April 8, 2014 will mark the end of support for Windows XP. This means that Microsoft will no longer provide updates or security patches for the operating system launched in 2001. The last major update to the software was released in 2008. As a result, XP users will no longer be assured of having a 100 percent secure software, and Microsoft encourages them to upgrade to an OS with current support. Also Read - Microsoft releases ISOs for Windows 11 vNext alongside other builds
The software editor reminds users that no updates — and in particular no security updates — will be provided for versions of Windows that are no longer supported. In practical terms, this means that new malware could take advantage of possible remaining security weaknesses to wreak serious havoc. For this reason, users are advised to install a new operating system rather than sticking with Windows XP, particularly if their machine is always connected to the internet.
Unsurprisingly, Microsoft recommends upgrading directly to Windows 8.1, the latest version of its OS. This is an option for users whose PC meets the minimum requirements: processor speed of 1GHz or above, a DirectX 9 video card with WDDM, at least 1GB of RAM and a hard drive of 16GB or more. Users can also opt to switch to Windows 7.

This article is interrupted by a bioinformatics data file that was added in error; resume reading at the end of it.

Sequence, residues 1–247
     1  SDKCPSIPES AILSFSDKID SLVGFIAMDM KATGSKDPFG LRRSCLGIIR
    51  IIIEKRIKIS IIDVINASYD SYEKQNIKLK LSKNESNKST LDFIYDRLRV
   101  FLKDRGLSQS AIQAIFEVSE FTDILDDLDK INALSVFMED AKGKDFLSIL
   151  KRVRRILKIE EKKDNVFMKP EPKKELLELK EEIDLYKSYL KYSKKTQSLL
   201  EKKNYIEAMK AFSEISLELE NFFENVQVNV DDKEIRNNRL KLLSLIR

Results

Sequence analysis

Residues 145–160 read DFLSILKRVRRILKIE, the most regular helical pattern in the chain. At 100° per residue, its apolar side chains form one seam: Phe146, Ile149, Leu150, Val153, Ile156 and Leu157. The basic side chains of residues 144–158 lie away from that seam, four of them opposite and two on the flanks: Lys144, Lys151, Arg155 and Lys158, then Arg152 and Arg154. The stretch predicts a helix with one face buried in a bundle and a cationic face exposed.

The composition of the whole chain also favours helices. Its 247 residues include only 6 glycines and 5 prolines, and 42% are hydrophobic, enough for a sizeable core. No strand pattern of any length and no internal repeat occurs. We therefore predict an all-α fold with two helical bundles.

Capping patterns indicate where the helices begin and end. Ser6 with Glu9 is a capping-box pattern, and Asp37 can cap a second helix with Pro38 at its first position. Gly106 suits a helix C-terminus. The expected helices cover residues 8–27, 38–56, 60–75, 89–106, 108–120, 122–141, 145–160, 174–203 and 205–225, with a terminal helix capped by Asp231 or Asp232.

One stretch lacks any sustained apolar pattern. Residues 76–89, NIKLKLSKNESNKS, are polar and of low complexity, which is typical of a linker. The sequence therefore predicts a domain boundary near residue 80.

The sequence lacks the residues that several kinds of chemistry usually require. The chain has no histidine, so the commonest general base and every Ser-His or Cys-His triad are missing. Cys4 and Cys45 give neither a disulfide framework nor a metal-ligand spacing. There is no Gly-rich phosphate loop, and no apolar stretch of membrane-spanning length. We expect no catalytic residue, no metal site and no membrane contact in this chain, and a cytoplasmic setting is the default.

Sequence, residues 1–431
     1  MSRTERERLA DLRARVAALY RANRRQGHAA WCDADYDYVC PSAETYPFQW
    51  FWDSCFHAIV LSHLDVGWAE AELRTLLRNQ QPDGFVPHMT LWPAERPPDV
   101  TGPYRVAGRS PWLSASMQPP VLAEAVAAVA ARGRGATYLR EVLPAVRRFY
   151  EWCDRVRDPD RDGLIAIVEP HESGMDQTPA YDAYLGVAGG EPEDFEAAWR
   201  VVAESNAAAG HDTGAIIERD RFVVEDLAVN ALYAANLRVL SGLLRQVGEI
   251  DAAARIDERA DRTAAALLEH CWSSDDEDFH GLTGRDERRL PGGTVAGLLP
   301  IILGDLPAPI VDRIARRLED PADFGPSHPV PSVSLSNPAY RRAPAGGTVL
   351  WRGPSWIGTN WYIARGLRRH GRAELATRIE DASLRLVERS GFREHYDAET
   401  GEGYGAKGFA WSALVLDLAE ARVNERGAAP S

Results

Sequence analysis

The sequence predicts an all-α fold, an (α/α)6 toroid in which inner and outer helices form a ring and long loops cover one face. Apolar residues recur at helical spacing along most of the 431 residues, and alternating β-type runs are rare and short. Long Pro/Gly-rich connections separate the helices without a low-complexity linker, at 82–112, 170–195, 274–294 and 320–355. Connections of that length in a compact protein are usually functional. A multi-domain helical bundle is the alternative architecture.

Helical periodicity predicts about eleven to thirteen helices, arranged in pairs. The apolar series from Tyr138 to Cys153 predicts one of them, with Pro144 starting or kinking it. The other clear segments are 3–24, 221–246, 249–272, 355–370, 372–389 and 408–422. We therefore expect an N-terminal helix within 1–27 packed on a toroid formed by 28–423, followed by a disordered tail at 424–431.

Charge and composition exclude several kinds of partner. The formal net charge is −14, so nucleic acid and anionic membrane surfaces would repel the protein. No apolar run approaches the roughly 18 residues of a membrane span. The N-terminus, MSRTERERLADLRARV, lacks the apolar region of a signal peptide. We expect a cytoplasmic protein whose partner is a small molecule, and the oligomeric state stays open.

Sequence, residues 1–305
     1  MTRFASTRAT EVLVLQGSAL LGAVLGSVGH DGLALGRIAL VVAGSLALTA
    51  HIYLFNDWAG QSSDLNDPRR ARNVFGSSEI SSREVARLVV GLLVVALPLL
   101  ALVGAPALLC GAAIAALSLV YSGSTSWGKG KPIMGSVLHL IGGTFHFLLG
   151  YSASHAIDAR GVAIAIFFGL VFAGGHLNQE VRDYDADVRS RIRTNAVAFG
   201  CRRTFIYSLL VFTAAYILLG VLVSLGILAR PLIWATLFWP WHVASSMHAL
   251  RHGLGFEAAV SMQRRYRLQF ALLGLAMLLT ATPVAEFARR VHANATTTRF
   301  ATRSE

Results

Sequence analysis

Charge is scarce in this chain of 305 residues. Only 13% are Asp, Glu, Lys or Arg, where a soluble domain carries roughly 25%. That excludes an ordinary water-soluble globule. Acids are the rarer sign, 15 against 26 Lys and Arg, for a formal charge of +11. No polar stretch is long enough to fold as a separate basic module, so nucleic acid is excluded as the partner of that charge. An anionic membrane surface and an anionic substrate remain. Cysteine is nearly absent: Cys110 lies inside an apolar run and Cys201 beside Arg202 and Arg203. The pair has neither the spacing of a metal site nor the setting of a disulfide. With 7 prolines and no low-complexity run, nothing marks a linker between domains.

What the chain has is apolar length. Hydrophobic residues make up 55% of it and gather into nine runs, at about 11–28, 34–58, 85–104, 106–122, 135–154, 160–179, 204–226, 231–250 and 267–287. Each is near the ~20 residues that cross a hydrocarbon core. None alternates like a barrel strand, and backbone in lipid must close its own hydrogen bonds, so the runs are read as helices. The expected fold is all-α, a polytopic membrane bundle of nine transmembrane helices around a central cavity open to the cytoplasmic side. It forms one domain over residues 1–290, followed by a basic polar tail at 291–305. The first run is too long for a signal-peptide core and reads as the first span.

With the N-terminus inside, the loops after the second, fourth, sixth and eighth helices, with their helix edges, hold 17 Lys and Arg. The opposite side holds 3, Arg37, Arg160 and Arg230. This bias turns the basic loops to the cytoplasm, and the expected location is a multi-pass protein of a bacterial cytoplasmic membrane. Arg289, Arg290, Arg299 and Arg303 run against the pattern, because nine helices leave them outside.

The last option, of course, is simply to buy a new PC equipped with a current OS, particularly if one’s current machine is unable to handle Windows 8.1.
Over 12 years of support
Microsoft officially launched Windows XP, in separate versions for professionals and individual users, on October 25, 2001. Before taking it off the market on June 30, 2008, Microsoft sold 400 million versions of XP, which had a global market share of over 80 percent at its peak.
At the time of its launch, XP revolutionized the interface of Microsoft’s signature software, presenting customization features, a simplified start menu, a revamped task bar and even the ability to burn files onto a CD-ROM through a simple drag and drop. Today, XP holds the record for the longest-selling version of Windows. Even following its withdrawal from the market in 2008, XP remained the world’s most used OS until October 2011, when it was overtaken by Windows 7, according to Statcounter. Other than the possible vulnerability to malware after the cut-off date on April 8, Windows XP will continue to function just as before.
Upgrading to Windows 8.1 from Windows XP, a guide from Microsoft: windows.microsoft.com